Unavailable: To re-establish trust, the police department, and the city, need to do better

Police Chief RaShall Brackney says a police department derives its moral authority from the people it serves. Photo: Eze Amos Police Chief RaShall Brackney says a police department derives its moral authority from the people it serves. Photo: Eze Amos

On May 3, I joined a small crowd at City Hall to see 11 Charlottesville police officers receive their promotions. But only 10 were there.

Officer Logan Woodzell, whose promotion to sergeant had been announced in the city’s press release the previous day, was not present and was not mentioned. A city official shared that Woodzell did receive his promotion but did not elaborate on his absence from the ceremony.

Within hours of the original announcement, a photo of Woodzell from August 11, 2017, had resurfaced online. It showed the Charlottesville police officer posing with James Napier of the neo-Confederate group the Hiwaymen and Tammy Lee of American Freedom Keepers (one of the militia groups sued by the city for its involvement in Unite the Right).

The photo wasn’t new. It was posted on Facebook within days of the deadly rally. Nor was it news that Woodzell had gone out of his way to offer to escort members of the New York Light Foot Militia, another militia group later sued by the city, into Emancipation Park on the morning of the 12th—this accepted fact can be found on page 71 of the Heaphy report.

A thorough review, both within the department and using outside assessors, was conducted in determining which officers would be promoted. Did the review overlook these facts or did it conclude they didn’t matter?

These actions show not only poor judgment, but a disregard for the concerns of a community that had alerted police months before the rally and shared background on the hate groups planning to attend. The department’s desire to simply paper over its past mistakes, shutting out the community, is its standard operating procedure.

Early in her tenure as police chief, RaShall Brackney made it clear she had no interest in investigating the incidents of August 12. She inherited a difficult situation, but failing to address and begin to repair the damage to public trust caused by the department that day is a fatal error. In her remarks during the promotion ceremony, Brackney said a police department derives its moral authority from the people it serves. If that’s the case, why has the Charlottesville Police Department consistently tried to evade even a modicum of accountability?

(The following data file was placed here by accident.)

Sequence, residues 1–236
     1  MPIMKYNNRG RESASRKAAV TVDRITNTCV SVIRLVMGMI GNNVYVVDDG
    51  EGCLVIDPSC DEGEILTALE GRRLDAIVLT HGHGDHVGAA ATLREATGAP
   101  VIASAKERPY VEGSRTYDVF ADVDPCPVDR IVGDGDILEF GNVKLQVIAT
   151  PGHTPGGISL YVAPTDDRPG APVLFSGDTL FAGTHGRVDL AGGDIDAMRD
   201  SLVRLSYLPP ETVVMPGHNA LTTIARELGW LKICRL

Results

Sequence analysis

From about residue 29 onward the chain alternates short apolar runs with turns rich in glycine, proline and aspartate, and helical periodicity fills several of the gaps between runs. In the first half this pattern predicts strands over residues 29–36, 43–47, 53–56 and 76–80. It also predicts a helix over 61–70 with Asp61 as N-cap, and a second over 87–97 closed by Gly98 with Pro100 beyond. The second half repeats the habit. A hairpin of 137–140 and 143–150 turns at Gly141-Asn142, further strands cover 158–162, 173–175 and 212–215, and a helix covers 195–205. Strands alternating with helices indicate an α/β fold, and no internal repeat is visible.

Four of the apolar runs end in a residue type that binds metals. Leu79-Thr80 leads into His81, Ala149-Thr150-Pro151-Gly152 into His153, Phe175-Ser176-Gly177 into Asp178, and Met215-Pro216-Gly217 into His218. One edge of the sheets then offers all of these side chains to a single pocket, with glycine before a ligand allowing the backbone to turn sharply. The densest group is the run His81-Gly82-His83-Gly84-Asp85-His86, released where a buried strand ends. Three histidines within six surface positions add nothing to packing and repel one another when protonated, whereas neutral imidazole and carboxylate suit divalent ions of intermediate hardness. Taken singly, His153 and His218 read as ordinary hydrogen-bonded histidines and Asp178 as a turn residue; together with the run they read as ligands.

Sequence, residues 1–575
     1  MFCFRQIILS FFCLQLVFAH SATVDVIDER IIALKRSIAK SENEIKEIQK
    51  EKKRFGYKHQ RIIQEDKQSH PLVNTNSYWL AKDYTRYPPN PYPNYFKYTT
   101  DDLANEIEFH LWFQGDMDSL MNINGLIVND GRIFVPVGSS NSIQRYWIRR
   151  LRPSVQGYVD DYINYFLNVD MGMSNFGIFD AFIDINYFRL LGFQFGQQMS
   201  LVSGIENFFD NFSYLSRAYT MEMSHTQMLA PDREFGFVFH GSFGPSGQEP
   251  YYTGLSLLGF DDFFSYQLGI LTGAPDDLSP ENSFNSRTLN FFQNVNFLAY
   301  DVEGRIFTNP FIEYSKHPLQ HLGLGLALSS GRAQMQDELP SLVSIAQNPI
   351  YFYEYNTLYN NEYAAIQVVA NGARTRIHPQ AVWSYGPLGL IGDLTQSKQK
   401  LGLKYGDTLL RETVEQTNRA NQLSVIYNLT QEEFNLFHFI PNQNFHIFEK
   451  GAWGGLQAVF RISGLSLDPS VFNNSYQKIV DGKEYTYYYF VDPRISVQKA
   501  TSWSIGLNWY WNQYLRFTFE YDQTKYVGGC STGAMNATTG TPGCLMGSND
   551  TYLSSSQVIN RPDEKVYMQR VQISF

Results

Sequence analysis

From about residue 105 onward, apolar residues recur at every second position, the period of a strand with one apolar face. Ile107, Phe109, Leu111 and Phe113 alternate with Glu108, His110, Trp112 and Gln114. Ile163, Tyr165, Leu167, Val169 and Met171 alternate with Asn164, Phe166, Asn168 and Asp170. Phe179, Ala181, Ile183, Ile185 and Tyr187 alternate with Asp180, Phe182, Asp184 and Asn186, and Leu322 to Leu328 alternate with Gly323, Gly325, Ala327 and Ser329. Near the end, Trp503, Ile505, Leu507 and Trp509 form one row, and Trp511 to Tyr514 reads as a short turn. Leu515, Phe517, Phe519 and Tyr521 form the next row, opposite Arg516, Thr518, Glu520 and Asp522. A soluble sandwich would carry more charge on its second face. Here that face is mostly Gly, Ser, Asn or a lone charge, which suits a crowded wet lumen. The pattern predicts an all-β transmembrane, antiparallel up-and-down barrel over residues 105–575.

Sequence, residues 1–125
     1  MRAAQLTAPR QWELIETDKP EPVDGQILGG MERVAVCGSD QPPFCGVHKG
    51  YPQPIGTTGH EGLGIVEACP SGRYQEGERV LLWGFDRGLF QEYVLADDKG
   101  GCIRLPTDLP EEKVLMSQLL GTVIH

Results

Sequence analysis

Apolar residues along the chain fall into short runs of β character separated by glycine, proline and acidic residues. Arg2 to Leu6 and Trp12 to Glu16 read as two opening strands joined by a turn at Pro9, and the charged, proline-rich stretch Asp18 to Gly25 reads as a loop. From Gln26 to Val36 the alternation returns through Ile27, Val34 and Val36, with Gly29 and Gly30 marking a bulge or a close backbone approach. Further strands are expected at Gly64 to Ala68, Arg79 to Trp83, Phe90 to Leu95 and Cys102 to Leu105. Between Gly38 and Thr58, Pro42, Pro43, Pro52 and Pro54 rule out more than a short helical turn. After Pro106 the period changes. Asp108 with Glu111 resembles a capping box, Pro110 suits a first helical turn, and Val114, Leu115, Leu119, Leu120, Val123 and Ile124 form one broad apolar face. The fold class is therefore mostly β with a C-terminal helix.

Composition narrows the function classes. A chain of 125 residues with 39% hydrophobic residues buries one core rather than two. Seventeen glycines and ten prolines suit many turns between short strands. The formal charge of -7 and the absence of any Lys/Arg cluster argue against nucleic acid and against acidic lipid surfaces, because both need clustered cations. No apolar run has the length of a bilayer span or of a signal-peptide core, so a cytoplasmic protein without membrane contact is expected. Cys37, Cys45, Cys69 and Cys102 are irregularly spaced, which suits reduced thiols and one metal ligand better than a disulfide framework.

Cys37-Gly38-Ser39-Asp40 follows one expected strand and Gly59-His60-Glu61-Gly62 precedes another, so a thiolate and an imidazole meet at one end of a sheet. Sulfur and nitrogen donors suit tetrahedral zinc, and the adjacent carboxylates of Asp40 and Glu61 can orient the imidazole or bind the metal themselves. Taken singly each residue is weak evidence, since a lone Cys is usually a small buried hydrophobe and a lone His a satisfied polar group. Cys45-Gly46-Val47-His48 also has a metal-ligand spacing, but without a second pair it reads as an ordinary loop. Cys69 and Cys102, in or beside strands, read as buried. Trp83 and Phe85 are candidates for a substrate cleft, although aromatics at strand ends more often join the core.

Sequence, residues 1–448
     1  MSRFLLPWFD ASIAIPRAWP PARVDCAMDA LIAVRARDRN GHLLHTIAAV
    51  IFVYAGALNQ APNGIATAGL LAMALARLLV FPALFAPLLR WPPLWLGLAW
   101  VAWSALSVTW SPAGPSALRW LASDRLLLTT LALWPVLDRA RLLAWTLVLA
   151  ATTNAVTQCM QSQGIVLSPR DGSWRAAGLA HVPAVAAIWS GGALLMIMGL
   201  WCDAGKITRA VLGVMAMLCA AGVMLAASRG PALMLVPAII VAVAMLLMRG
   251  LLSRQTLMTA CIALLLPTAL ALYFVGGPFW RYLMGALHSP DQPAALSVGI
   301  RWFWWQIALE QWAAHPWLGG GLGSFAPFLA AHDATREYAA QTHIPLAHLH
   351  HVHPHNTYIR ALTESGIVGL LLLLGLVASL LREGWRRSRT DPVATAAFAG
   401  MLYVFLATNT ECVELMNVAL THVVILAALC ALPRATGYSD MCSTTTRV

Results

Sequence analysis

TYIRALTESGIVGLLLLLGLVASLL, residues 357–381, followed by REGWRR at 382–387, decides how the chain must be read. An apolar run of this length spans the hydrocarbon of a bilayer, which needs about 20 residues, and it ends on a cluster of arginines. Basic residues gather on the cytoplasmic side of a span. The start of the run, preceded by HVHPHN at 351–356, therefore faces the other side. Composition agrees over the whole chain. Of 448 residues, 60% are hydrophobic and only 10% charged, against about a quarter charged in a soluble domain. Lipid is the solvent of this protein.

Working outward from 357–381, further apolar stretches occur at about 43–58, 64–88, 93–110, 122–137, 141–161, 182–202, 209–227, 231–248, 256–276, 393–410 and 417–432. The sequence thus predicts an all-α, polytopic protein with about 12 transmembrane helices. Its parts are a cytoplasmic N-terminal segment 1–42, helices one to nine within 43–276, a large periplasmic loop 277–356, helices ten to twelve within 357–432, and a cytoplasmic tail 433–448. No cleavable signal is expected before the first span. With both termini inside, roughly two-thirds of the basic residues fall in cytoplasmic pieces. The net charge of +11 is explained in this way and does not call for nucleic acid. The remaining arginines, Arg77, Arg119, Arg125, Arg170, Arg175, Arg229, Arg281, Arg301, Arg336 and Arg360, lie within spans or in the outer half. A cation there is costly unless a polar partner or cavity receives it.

At a meeting with City Councilors Kathy Galvin and Mike Signer, Police Civilian Review Board member Sarah Burke told them one thing the board found in its research is that cities form these boards after something terrible happens. In our case, it was the entire department standing idly by while residents were beaten in the streets by neo-Nazis before the day culminated in a hate-crime murder that permanently tied our city’s name to white supremacist violence. It’s hard to imagine anyone would be opposed to having some measure of transparency and accountability when it comes to policing.

Why, then, is the city doing everything in its power to kill the nascent board? The city’s recent pair of bizarre press releases castigating the Police Civilian Review Board are deeply troubling. Based solely on its own misreading of a Daily Progress article about a CRB meeting that was not attended by any member of city staff, the city lashed out against the board, attacking the integrity of its members and announcing that their near-expired terms would not be extended.

At that meeting, board member Josh Bowers read aloud, verbatim, emails he had exchanged with Brackney and the chief’s scheduler, Jessica Downey. He and others on the board expressed dismay at the difficulty they were having in scheduling a public meeting with the chief.

In response, instead of acknowledging the difficulty and promising a public meeting, the city blamed the board.

The most generous reading of the situation up to this point is simply that government works slowly. People lose track of emails, wait too long to follow up, schedules fill up, and the gears of bureaucracy grind on. If that is the case, what good is done by further slowing, even halting, the process of this board’s formation by allowing the body to dissolve without coming to a point where it can be handed off to a newly selected board?

Unless council’s intention is to let this board die, there’s no rational reason not to give it a little more time. Members of this volunteer board have already expressed a willingness to freely give a few more weeks of their time to ensure their charge is successfully completed. It costs nothing to keep the current board in place until the bylaws have been finalized. City councilors have a choice to make—will they support the work of the board they appointed or will they strangle it with red tape?